Note: The classification and nomenclature of rock units used in this report are those of the State Geological Survey of Kansas and differ somewhat from those used by the U.S. Geological Survey.
Distribution of Subsurface Rocks
Rocks of Precambrian age do not crop out in Kansas. Precambrian rocks in the State have been studied using well samples, logs, and geophysical methods (Farquhar, 1957). The recorded number of wells penetrating Precambrian rocks in Rush County through 1964 totals 224 (Cole and others, 1961, 1965). The predominant types of Precambrian rocks reported from about 70 percent of the wells were granite or granite wash. Other Precambrian rock types include quartzite, quartz, porphyry, gneiss, schist, and diabase. A map of the configuration of the top of Precambrian rocks in Kansas by Cole (1962) shows an upthrown block of Precambrian rocks (fig. 5) trending southeastward from southwest Ellis County, across Rush County, to southwest Barton County. The depth to the top of the fault block ranges from 3,500 to 3,800 feet below land surface in Rush County.
Figure 5--Trend of faulted block of Precambrian rocks (from Cole, 1962).
Of probable interest are potassium-argon determinations made by J. Lawrence Kulp of Lamont Geological Observatory at Columbia University (Cole and Merriam, 1962) of the age of Precambrian rock samples from two wells in the county. Granite gneiss from the Skelly No. 1 Betz well in the NE SE SW 14 sec. 5, T. 18 S., R. 16 W., was dated at 1,260 million years and gray quartzite from the Skelly No. 4 Dyer in the NE SE NW sec. 21, T. 18 S., R. 16 W., was dated at 1,200 million years.
Rocks of Paleozoic age do not crop out in Rush County. They have been studied using geophysical methods and well samples. The following maps issued by the State Geological Survey of Kansas reveal the general distribution and regional structure of Paleozoic rocks in Kansas: Arbuckle (Cambrian-Ordovician) rocks (Merriam and Smith, 1961), Silurian and Devonian rocks (Merriam and Kelly, 1960), Mississippian rocks (Merriam, 1960), and the Lansing Group of Pennsylvanian age (Merriam, Winchell, and Atkinson, 1958).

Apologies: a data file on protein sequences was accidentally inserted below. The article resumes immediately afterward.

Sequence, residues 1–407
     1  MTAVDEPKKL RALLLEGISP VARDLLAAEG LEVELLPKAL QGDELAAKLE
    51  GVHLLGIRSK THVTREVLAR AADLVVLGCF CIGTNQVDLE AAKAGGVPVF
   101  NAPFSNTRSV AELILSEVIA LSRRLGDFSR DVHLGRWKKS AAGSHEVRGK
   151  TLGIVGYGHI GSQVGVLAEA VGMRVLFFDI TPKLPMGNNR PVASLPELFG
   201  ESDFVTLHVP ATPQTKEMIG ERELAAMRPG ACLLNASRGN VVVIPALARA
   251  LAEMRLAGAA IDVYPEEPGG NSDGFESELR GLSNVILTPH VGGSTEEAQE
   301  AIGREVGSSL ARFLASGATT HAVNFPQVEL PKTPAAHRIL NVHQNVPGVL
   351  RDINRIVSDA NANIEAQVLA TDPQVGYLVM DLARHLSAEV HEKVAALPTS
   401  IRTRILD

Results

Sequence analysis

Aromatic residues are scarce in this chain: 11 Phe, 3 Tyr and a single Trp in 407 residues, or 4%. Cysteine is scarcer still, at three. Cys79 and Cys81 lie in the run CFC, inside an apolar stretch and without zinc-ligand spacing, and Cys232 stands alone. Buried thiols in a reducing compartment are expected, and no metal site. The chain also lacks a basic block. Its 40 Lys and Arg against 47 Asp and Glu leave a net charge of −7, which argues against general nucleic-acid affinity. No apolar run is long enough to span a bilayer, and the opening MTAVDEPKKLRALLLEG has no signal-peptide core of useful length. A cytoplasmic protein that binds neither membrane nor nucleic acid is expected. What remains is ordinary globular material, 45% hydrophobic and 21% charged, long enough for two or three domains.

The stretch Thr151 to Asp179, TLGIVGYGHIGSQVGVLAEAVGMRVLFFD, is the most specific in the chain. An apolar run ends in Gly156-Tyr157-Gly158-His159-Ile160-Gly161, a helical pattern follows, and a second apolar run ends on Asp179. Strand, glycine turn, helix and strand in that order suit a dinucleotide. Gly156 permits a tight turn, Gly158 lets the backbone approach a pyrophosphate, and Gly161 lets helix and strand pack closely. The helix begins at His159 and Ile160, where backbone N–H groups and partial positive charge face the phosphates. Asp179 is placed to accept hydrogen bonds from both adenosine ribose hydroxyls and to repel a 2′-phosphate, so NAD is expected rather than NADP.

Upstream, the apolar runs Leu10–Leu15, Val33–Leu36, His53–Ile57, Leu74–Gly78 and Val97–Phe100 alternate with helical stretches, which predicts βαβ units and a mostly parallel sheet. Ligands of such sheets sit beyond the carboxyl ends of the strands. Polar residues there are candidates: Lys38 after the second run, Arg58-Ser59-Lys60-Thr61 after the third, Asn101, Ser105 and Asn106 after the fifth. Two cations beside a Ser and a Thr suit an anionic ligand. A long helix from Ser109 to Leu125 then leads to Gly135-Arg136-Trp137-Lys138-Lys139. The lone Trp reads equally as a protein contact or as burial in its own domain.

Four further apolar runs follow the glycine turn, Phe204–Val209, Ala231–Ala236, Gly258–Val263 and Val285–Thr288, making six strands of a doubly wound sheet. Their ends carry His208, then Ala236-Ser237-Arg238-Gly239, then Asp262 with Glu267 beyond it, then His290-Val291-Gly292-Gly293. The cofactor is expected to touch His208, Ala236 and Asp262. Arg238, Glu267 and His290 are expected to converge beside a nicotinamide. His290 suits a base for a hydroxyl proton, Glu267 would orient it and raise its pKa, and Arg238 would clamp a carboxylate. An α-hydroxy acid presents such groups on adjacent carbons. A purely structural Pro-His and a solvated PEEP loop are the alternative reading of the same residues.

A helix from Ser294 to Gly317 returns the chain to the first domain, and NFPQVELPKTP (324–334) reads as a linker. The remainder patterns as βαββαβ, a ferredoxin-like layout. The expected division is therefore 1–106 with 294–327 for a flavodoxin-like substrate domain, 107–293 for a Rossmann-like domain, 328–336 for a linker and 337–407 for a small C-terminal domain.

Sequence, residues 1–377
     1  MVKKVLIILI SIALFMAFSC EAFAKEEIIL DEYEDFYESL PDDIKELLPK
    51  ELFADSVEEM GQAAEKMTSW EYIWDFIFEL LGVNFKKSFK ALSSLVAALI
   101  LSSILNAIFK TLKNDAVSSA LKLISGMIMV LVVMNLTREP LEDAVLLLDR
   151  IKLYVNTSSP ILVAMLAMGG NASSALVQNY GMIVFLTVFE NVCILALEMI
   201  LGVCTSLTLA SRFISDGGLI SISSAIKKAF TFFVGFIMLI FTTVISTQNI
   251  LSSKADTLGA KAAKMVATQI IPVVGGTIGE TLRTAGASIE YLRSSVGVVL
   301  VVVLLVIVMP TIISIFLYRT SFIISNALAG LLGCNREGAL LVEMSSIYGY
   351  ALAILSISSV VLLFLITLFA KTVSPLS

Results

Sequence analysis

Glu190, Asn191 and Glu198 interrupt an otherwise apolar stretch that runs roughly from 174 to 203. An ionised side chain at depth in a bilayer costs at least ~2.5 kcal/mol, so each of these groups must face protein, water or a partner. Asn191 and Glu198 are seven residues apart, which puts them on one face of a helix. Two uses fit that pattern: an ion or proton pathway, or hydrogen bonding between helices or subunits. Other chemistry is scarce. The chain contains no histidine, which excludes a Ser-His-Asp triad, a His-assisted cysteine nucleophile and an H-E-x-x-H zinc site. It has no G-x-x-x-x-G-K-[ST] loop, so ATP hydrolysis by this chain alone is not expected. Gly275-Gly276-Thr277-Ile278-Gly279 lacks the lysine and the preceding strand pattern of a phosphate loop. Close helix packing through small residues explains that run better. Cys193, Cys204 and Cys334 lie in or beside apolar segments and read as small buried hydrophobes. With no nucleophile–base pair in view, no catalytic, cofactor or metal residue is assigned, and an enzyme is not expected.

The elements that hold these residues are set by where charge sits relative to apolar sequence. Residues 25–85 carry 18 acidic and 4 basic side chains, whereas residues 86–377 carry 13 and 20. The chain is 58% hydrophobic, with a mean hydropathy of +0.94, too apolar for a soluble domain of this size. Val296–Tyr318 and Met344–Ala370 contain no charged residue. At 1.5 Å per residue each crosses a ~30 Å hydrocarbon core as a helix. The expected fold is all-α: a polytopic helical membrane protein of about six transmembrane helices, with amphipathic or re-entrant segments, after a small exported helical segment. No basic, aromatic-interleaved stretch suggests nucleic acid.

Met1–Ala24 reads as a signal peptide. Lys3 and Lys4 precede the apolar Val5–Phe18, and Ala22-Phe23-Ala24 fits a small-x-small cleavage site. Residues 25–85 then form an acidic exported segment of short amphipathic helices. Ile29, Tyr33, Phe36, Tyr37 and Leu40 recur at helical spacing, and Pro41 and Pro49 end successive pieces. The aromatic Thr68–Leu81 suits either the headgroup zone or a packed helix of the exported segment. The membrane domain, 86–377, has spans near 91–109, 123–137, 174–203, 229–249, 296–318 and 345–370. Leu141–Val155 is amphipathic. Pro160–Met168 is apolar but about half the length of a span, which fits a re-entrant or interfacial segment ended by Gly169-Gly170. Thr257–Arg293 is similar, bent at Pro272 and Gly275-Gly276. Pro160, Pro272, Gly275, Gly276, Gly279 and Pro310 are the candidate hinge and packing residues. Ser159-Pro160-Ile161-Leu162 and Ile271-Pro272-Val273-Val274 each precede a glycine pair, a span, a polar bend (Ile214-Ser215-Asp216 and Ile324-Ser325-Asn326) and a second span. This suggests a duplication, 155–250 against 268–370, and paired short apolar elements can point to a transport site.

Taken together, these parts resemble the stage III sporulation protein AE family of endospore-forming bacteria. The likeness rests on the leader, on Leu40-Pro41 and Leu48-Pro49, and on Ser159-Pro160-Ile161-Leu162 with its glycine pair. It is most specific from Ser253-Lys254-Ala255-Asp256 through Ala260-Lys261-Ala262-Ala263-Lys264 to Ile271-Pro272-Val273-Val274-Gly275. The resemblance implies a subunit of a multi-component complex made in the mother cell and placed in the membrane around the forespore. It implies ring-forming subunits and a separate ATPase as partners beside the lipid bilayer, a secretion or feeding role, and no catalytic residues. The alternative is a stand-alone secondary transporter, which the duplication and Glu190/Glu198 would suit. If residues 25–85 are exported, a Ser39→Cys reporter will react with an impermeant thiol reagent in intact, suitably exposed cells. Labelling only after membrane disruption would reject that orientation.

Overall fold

Briefly, distribution of Paleozoic rocks in Rush County is: Cambrian rocks are locally absent over the previously discussed upthrown Precambrian fault block (fig. 5) but are present beneath the rest of the county; Ordovician rocks are absent along the same general trend as the upthrown Precambrian fault block but are present elsewhere in the county; Silurian and Devonian rocks are absent throughout the county; Mississippian rocks are present in the southwest part of the county and absent elsewhere; Pennsylvanian and Permian rocks underlie the entire county.
Rocks of Mesozoic age in Rush County belong to the Cretaceous System. Cretaceous rocks unconformably overlie Paleozoic rocks and, in much of the county, are overlain unconformably by Cenozoic rocks. The Cretaceous units that underline the county but do not crop out include, in ascending order: Cheyenne Sandstone, Kiowa Formation, Dakota Formation, and Graneros Shale. These units are discussed in the section on geology and water supply.
Distribution of Exposed Rocks
Rock units exposed at the land surface, as shown on the geohydrologic map of Rush County (pl. 1), are sedimentary and range in age from Cretaceous to Pleistocene. Geologic relationships and the position of the water table are shown in selected geologic sections on figure 6.
The oldest rocks exposed in Rush County are marine deposits of Late Cretaceous age. The Greenhorn Limestone is the prominent rock cropping out along most stream valleys in all but the northwest quarter and the southwest eighth of the county. The Greenhorn underlies all but the deep valleys of Walnut Creek, the Smoky Hill River, and tributaries to Walnut Creek and the Smoky Hill River. The Graneros Shale or Dakota Formation underlies these valleys. Conformably overlying the Greenhorn is the Carlile Shale (Hattin, 1962, p. 24). The lower 20 to 35 feet of Carlile is relatively resistant; it crops out in stream valleys and closely resembles Greenhorn. The Carlile Shale is the bedrock formation in much of the upland area of the county. Above and unconformably overlying the Carlile Shale is the Fort Hays Limestone Member of the Niobrara Chalk (Hattin, 1962, p. 91), which is exposed in the extreme northwest corner of the county.
Fluvial deposits of the Ogallala Formation of Pliocene age occur as erosional remnants unconformably overlying Greenhorn Limestone, Carlile Shale, and Fort Hays Limestone Member on the highest upland areas. Clay, silt, sand, and gravel of Pleistocene age unconformably overlie Cretaceous and Pliocene rocks in most of the county. Fluvial deposits are present on divide areas and in stream valleys. Most upland surfaces are thinly mantled with eolian silt or loess. Slope deposits or fluvial and colluvial deposits are present in headland areas of streams and on slopes along stream courses.
Kansas Geological Survey, Geology
Placed on web Aug. 22, 2008; originally published July 1973.
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